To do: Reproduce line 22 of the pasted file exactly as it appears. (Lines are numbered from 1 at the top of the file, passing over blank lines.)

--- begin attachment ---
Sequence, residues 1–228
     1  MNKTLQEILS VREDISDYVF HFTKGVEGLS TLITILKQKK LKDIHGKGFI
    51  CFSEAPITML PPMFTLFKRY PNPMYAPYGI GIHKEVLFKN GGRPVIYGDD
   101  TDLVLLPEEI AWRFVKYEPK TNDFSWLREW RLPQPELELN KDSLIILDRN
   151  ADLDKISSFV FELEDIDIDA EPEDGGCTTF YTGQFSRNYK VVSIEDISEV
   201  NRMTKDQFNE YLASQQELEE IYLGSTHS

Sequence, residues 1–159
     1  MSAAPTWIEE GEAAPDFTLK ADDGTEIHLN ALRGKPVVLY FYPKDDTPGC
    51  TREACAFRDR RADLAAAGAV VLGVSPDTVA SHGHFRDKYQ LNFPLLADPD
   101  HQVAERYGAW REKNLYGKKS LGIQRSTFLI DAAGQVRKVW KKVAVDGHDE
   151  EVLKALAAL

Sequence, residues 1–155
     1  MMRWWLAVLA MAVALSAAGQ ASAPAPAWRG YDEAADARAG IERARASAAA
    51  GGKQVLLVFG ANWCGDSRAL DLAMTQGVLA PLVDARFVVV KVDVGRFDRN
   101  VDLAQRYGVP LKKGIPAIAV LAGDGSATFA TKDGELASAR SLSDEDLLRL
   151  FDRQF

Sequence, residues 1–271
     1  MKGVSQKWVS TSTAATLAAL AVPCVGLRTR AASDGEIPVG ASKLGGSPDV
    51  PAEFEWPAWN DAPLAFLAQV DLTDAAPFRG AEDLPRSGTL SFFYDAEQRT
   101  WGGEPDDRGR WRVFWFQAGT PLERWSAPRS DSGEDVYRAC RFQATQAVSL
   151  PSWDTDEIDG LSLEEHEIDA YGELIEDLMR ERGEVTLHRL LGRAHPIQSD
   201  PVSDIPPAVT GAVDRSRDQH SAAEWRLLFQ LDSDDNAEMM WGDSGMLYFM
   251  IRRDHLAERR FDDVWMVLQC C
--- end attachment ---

   201  PVSDIPPAVT GAVDRSRDQH SAAEWRLLFQ LDSDDNAEMM WGDSGMLYFM